2018 VOTER GUIDE: A look at California's Prop 10: Local rent control initiative

SAN FRANCISCO (KGO) -- In the November election, California voters decided on 11 propositions.

RELATED: Californians reject rent control expansion initiative aimed at state's housing crisis

Prop 10 failed, here's everything you need to know about the proposition.

<-- BACK to all propositions

>>> California and Bay Area election results here

>>> National election results here

PROP 10:
Expands local governments' authority to enact rent control on residential property. Initiative statute


A "YES" vote supports letting local governments adopt rent control and abolishes the existing Costa-Hawkins Rental Housing Act.

Current law limits the adoption of Rent Control in California.

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In the November election, California voters will decide on 11 propositions. Here's everything you need to know about Proposition 10.


Supporters of Prop. 10 collected enough signatures of registered California voters to qualify it.


Coalition for Affordable Housing , AIDS Healthcare Foundation, & Alliance of Californians for Community Empowerment, California Nurses Association, California Teachers Association, SEIU California, California Democratic Party, Los Angeles Mayor Eric Garcetti


Both Candidates for Governor: Lt. Gov Gavin Newsom (D) & John Cox (R), California Apartment Association & California Rental Housing Association (Landlord Groups), California State Conference of the NAACP, State Building and Construction Trades Council of California, California Chamber of Commerce, California Apartment Association, California Building Industry Association, Bay Area Council, East Bay Leadership Council, Silicon Valley Leadership Group, Former San Jose Mayor Chuck Reed, Santa Clara County Assessor Larry Stone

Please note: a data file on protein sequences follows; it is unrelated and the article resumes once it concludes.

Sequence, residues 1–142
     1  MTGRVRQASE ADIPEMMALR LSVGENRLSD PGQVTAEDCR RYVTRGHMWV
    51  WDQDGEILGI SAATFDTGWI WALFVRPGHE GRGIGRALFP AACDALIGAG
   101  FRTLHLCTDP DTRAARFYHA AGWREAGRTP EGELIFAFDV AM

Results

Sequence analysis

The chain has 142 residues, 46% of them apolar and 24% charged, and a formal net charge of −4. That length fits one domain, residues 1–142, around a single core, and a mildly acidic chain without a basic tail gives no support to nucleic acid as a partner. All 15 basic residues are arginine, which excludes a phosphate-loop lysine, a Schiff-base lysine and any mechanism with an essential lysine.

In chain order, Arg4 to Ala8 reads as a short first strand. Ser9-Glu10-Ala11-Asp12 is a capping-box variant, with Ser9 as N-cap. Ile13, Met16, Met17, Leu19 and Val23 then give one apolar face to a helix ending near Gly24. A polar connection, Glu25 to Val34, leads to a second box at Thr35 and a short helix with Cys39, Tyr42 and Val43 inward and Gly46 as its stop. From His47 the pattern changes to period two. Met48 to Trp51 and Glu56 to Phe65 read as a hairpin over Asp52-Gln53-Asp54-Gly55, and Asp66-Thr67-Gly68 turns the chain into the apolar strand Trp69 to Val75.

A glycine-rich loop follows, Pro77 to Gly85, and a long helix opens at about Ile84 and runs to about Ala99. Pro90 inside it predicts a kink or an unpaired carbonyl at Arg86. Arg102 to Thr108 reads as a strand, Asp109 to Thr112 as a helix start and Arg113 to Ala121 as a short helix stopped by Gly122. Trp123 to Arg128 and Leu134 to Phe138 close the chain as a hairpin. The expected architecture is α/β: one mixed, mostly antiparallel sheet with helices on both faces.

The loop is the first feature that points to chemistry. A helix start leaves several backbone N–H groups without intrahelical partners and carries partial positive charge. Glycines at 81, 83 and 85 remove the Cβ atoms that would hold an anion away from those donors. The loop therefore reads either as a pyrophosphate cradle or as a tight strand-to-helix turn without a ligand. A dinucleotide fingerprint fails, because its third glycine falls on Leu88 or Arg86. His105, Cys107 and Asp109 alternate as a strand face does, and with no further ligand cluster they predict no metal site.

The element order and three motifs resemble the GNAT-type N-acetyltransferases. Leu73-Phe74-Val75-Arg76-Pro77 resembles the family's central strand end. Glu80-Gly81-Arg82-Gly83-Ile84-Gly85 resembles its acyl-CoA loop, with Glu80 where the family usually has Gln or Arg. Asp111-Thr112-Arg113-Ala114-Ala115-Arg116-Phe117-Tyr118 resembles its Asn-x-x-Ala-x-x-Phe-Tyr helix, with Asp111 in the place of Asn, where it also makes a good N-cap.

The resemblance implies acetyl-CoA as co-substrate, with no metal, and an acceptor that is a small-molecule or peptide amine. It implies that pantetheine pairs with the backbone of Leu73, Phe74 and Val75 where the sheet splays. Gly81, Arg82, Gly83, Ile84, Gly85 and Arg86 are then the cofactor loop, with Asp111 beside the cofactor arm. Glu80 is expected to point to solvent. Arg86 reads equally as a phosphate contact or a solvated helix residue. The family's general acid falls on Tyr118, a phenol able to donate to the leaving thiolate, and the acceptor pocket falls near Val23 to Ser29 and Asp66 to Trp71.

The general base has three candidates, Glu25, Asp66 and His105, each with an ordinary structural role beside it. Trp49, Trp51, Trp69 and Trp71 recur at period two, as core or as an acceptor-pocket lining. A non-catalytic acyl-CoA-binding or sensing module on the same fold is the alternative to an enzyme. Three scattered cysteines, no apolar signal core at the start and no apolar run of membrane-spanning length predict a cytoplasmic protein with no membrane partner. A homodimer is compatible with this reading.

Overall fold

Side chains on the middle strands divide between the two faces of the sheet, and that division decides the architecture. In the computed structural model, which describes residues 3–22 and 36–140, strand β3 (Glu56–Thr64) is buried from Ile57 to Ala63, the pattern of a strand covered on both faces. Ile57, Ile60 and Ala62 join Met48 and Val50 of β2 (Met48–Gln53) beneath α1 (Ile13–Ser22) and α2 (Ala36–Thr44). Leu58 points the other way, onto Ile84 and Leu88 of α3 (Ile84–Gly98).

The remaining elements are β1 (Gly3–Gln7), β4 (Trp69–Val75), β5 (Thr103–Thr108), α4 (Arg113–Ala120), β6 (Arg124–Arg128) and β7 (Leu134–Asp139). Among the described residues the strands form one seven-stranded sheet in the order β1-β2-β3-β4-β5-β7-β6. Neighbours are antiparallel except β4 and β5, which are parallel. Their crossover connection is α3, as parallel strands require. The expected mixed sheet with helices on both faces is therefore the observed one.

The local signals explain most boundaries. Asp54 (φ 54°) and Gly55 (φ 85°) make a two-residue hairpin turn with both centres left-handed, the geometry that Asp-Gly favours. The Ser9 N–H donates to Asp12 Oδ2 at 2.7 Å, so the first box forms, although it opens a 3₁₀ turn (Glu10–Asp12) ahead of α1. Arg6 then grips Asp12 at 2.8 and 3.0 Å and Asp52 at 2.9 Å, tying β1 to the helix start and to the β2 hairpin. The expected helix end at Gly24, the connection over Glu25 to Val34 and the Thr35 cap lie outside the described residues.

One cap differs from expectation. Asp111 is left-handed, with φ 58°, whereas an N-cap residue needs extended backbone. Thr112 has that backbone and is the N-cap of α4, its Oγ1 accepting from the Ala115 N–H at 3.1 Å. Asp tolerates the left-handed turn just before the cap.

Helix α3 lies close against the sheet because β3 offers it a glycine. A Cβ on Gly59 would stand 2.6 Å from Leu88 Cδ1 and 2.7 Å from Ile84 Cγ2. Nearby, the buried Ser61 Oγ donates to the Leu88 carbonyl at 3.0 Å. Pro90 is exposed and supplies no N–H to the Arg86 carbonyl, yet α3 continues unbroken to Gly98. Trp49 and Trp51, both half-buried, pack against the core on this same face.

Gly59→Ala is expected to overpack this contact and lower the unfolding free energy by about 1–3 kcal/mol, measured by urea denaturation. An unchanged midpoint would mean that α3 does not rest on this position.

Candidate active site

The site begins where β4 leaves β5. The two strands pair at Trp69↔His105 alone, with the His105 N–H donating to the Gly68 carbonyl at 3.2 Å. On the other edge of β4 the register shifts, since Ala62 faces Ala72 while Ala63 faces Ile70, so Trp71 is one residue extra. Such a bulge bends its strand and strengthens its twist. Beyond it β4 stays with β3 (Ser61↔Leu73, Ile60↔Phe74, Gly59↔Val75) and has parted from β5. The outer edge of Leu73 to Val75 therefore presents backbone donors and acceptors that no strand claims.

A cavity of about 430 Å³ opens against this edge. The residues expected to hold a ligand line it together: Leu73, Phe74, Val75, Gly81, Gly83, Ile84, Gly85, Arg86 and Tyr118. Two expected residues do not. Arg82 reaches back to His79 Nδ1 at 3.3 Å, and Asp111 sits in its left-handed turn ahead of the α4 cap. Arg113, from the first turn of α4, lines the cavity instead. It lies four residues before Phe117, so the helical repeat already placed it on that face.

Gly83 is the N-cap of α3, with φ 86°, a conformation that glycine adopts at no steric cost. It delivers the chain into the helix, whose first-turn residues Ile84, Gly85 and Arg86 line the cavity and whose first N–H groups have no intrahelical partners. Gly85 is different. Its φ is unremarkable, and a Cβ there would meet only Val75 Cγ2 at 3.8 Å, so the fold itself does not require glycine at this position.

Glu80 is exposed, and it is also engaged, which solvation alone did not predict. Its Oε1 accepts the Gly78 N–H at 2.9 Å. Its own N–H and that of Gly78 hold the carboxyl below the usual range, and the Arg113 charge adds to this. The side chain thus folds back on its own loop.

Prop. 10's opponents have raised considerably more money than Prop 10's supporters, $34,796,755 compared to the $12,610,741 collected by supporters.*


Potential net reduction in state and local revenues (property taxes) of tens of millions of dollars per year in the long term. Depending on actions by local communities, revenue losses could be less or considerably more.

*NOTE: All information regarding donations as backers or opponents of a ballot measure reflects financial disclosures made to California's Secretary of State as of September 7, 2018.

LEARN MORE: CALmatters is a nonpartisan, nonprofit journalism venture committed to explaining how California's state Capitol works and why it matters. Check out the CALmatters 2018 Election Guide

Take a look at full coverage on the 2018 election here.
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